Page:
Instructing an English barrister as a non-UK lawyer
Our barristers can help you on matters of English and international law. The section below explains how barristers work with lawyers and clients in the international market and discusses:
Introduction to barristers
The hallmarks of the Bar of England and Wales are independence and excellence in advocacy. Barristers are expert advocates specialised in one or more particular sectors and offer a high degree of knowledge, skill and expertise in their fields of practice. In short, they are trained to present a case to a court or tribunal in the most attractive manner. Barristers are also specialised in providing written advice to clients on a wealth of legal issues. Their expertise in advocacy means they are in high demand in the international legal market.
The work of a barrister
Barristers are adept at presenting the client’s case in litigation and arbitration. A barrister will draft documents in which their client’s case is set out and assist in the preparation of appropriate witness statements setting out the evidence relied upon. They will then consider the underlying documents and advise upon how electronic documents can be most efficiently searched and organised. They can also assist in finding appropriate expert witnesses, advise on the strengths or weaknesses of the approach taken by a particular expert witness, and represent the client at important interim hearings in which the client’s case is managed by the court or other tribunal. At the trial or hearing a barrister will present their client’s case in oral and written submissions and, where oral witness evidence is given, cross-examine the witnesses in order to test their veracity. At all stages a barrister will give objective and independent advice as to the prospects of success, what evidence is necessary to prove their client’s case and will identify any weaknesses in the case. A barrister will advise on strategy from the outset, drawing upon his or her considerable experience of litigation and /or arbitration.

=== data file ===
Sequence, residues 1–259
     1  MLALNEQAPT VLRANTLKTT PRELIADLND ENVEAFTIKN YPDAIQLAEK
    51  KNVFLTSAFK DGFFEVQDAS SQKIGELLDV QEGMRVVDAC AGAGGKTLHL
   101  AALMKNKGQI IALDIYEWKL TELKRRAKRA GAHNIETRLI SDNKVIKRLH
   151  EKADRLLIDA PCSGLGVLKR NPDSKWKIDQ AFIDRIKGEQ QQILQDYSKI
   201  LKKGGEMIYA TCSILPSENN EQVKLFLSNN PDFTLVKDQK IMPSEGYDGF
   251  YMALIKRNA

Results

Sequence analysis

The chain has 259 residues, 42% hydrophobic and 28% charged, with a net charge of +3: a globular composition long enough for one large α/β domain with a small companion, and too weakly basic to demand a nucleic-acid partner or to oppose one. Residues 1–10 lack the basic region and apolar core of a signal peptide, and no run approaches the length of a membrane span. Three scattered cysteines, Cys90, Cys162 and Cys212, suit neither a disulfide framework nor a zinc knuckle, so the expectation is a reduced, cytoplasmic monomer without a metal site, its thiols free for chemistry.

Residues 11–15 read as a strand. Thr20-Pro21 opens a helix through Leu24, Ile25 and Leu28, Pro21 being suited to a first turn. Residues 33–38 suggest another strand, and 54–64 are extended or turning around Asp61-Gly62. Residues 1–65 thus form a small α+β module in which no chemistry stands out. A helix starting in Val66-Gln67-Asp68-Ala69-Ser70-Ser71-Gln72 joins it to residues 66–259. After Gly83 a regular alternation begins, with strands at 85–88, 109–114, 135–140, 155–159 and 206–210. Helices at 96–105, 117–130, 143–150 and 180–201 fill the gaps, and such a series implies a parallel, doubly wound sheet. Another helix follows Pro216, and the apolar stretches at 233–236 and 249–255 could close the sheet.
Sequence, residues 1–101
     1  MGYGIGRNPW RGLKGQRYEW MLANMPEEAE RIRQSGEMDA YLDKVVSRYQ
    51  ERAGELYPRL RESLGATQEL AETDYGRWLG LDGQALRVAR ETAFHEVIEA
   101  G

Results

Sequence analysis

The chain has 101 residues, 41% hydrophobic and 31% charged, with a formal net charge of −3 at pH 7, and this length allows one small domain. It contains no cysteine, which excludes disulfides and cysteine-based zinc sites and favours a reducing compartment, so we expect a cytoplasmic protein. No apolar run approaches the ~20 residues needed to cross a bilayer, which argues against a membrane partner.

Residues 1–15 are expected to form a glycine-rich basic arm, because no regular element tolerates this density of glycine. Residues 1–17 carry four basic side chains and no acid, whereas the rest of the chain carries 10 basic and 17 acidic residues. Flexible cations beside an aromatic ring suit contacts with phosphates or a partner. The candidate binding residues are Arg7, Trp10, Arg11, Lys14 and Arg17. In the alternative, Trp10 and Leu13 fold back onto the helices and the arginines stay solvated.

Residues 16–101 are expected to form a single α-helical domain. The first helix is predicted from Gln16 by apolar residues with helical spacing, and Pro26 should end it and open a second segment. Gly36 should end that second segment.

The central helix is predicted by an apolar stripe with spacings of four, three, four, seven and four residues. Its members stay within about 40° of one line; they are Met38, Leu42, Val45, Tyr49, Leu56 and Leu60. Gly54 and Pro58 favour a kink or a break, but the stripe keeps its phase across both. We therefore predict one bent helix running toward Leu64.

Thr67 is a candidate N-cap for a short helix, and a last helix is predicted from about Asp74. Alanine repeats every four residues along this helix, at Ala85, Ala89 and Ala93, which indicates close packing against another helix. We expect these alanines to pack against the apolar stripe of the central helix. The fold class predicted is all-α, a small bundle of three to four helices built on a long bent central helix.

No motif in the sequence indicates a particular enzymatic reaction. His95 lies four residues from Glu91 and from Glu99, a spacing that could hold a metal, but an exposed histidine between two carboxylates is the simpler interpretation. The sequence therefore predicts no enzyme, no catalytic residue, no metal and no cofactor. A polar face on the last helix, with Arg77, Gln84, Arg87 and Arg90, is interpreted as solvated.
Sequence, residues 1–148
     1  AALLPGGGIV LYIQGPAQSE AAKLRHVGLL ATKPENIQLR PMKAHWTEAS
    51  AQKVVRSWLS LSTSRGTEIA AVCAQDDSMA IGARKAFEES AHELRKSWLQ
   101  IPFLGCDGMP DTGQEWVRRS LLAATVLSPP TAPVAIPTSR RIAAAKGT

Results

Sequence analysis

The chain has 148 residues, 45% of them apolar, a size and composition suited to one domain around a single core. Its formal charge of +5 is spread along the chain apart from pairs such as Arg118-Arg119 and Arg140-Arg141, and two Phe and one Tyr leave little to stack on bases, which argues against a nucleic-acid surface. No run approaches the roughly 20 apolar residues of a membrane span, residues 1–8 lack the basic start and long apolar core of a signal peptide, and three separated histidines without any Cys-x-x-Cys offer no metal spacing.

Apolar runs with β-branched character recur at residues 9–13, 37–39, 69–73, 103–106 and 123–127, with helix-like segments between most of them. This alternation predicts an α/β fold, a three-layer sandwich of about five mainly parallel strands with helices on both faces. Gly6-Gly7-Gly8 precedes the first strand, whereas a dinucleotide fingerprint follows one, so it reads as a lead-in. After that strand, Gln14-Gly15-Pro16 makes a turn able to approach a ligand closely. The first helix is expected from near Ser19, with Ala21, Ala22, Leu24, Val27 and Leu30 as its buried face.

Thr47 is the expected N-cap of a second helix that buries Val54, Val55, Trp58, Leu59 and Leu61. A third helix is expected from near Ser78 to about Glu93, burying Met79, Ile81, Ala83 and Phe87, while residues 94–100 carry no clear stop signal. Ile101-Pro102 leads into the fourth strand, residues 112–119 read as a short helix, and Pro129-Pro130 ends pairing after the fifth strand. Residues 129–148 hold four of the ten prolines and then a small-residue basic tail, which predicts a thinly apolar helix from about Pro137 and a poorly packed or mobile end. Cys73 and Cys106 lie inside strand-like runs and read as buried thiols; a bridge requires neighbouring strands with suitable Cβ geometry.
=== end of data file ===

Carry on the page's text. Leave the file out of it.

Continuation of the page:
The relationship between barristers and solicitors
Barristers and solicitors traditionally provided distinct and complementary legal services, with solicitors having conduct of the case and bringing in a barrister’s expertise to conduct a trial and/or to advise on points of law. Changes in recent years, however, have made for much more overlap and barristers are now able to provide many of the same services to solicitors.
English solicitors and firms of foreign lawyers frequently instruct specialist barristers to advise upon points of law, prospects of success and/or on the best approach to a case. Law firms may instruct a particular barrister because they are an expert in the field, or they may wish to gain a fresh and independent view on an issue which may have become sensitive within the firm, or between the firm and a client.
The services our barristers can provide
Our barristers provide clients with high quality legal advice and act as clients’ advocates before national and international courts and tribunals. Our barristers can assist you and your clients with a wide range of legal issues (see ‘our practice areas’ below) before, during and after litigation, as well as with non-litigious matters. As a foreign lawyer, you can instruct one or more of our barristers to assist with the whole of a case, or simply to undertake a discrete piece of work.
How to instruct a barrister
International lawyers and clients can instruct barristers directly, without an intermediary. Accessing the services of barristers from outside England and Wales is easy. Details can be found at www.barcouncil.org.uk/instructing-a-barrister/information-forinternational-clients. Essentially, all you need to do in the first instance is to contact our team of clerks on +44 207 797 8400.
Advantages of using a barrister
It is worth using a barrister whenever you require a skilled advocate, or when you need independent and specialist advice on any question of English, international or EU law.